The ampersand preceding calc makes sure that the Proc object calc is turned into a code block and is passed to collect as an attached block. and sometimes it’s much more convenient to pass them a Proc.10). lambda {|x| puts x}) Another (IMHO far more efficacious) use of the ampersand is the other-way conversion . Assume that I want to convert all words in an Array to upper case. aara. multiko) upcase_words = words.join(".call(a) # but yield also works ! yield(a) end # this works contrived(25) {|x| puts x} # this raises ArgumentError.. it is not accessible as a Proc from inside the method ? Well. The ampersand also allows the implementation of a very common idiom among Ruby programmers: passing method names into iterators.it's only there # to convert a block contrived(25. ")) The collect method expects a block. &f) # the block can be accessed through f f. Remember how I said that although an attached block is converted to a Proc under the hood. It is worthy to understand how these work. since the Proc is constructed using knowledge gained from the user. because &f # isn't really an argument . if an ampersand is prepended to the last argument in the argument list of a method.collect(&calc). and especially the iterators.map {|x| x. This is very useful because many of Ruby’s great built-ins.converting a Proc into a block. I could do it like this: words = %w(Jane.Ruby Programming/Syntax/Method Calls The ampersand (&) The ampersand operator can be used to explicitly convert between blocks and Procs in a couple of cases. the block attached to this method is converted to a Proc object and gets assigned to that last argument: def contrived(a. but in this case it is very convenient to provide it with a Proc.upcase} p upcase_words 83 . The following example is taken right from the excellent “Programming Ruby” book by the pragmatic programmers: print "(t)imes or (p)lus: " times = gets print "number: " number = Integer(gets) if times =~ /^t/ calc = lambda {|n| n*number } else calc = lambda {|n| n+number } end puts((1. expect to receive a block as an argument.

We can use this to implement to_proc for Symbol and achieve what we want: class Symbol # A generalized conversion of a method name # to a proc that runs this method. Ruby’s implicit type conversion rules kick in. and the to_proc method is called on the object to try and make a Proc out of it. as we saw before..to_s)[0.method_missing #pass on anything we weren't looking for so the Chameleon stays unnoticed and uneaten . Ruby supports the idiom of sending messages to objects. without the need for a separate block and the apparently superfluous x argument.sub('to_'.) end end . and we’re going to use the ampersand for this ! As I said. and it works. but I feel it’s a little bit too verbose. and methods can be referred to by their names.send(self. Fortunately. But what if we prepend it not to a Proc. quite literally. says send the message/method upcase to the object “Erik”. but to another object ? Then. method. # def to_proc lambda {|x.'').capitalize) def inspect @identity end self else super #method_missing overrides the default Kernel. *args)} end end # Voila ! words = %w(Jane.map(&:upcase) 84 Special methods Ruby has a number of special methods that are called by the interpreter. *arg) if (method. The upcase method itself should be given to map. which are implemented as Ruby Symbols.sub("Chameleon". when the ampersand is prepended to some Proc in a method call. This feature can be utilized to implement the map {|x| x. aara. multiko) upcase_words = words.Ruby Programming/Syntax/Method Calls This is nice. For example: class Chameleon alias __inspect__ inspect def method_missing(method. it converts the Proc to a block.to_s. For example: p "Erik".2] == "to_" @identity = __inspect__.send(:upcase) This. *args| x.upcase} in an elegant manner.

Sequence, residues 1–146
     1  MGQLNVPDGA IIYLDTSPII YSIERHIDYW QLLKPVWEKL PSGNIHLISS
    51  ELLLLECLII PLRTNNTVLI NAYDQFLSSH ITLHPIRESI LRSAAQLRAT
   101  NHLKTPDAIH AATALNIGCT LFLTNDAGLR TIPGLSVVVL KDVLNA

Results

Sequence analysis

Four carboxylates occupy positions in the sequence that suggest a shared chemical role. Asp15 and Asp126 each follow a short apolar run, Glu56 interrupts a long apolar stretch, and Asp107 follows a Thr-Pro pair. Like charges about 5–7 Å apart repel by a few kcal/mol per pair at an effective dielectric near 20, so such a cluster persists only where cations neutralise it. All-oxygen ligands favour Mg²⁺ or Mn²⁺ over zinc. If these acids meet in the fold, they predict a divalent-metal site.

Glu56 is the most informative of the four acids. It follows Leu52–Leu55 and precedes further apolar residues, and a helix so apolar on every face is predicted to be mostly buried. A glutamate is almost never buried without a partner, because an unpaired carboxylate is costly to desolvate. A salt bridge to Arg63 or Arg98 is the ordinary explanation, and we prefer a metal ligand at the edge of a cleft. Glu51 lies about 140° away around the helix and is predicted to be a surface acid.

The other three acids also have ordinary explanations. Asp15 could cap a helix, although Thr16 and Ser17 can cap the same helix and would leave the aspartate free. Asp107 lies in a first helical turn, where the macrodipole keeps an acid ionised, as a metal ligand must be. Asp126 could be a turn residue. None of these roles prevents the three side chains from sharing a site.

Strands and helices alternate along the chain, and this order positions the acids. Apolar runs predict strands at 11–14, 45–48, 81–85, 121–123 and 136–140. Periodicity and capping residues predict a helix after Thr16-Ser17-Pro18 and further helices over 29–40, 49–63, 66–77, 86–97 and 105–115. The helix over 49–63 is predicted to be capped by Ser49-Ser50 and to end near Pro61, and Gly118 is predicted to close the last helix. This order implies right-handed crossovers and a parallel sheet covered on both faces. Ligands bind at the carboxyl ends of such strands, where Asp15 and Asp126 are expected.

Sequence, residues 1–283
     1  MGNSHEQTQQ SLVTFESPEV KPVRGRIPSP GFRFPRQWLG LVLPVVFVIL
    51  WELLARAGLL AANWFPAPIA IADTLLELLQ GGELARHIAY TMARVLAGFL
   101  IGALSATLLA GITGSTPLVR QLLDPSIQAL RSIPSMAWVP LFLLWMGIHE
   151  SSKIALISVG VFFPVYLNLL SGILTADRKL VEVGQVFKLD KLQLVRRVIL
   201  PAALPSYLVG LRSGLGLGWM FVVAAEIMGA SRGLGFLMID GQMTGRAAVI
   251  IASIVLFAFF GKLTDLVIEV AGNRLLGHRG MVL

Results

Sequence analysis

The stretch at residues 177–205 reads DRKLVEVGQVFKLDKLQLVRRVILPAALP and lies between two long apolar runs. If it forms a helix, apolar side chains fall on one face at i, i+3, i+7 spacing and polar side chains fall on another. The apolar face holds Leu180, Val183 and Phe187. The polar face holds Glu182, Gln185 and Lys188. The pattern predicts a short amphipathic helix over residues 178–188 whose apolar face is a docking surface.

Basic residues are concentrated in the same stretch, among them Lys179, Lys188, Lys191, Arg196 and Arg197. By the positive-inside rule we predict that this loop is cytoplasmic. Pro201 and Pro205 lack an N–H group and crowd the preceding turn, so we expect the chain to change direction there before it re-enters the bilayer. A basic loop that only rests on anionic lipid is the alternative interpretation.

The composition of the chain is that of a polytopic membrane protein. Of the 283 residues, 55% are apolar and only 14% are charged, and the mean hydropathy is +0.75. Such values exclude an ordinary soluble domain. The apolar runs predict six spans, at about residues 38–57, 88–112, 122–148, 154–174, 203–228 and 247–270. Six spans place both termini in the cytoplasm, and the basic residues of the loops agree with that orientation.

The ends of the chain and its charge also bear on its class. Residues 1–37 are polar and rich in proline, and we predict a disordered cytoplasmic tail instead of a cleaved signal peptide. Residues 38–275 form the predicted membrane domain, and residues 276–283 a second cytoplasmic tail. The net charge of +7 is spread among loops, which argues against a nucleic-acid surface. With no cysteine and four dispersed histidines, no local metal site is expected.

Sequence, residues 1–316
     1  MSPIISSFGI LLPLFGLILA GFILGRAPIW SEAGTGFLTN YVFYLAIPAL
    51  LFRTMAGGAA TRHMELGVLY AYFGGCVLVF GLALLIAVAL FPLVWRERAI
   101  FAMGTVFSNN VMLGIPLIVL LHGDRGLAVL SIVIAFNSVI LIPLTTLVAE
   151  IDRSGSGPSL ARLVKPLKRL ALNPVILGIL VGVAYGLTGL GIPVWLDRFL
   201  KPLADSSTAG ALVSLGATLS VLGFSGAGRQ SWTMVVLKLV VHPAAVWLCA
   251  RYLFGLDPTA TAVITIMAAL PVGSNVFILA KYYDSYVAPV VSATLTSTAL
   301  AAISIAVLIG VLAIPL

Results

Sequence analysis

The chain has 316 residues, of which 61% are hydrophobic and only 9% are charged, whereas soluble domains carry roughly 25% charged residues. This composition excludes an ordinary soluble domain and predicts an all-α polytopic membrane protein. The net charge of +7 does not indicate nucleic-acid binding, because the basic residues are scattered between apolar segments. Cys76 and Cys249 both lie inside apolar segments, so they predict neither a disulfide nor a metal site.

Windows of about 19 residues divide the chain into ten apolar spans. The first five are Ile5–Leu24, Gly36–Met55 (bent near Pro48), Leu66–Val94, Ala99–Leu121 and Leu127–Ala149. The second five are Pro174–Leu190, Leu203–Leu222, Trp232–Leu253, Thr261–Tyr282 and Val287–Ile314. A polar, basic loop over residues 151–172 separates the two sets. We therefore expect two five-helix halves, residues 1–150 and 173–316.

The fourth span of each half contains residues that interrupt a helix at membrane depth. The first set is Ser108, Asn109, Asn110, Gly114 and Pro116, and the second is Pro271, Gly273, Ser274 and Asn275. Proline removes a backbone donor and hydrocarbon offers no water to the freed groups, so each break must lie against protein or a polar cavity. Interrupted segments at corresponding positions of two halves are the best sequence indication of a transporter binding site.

Ruby Programming/Syntax/Method Calls end mrlizard = Chameleon.new mrlizard.to_rock This does something silly but method_missing is a important part of meta-programming in Ruby. In Ruby on Rails it is used extensively to create methods dynamically. Another special methods is initialize that ruby calls whenever a class instance is created, but that belongs in the next chapter: Classes.

85

Conclusion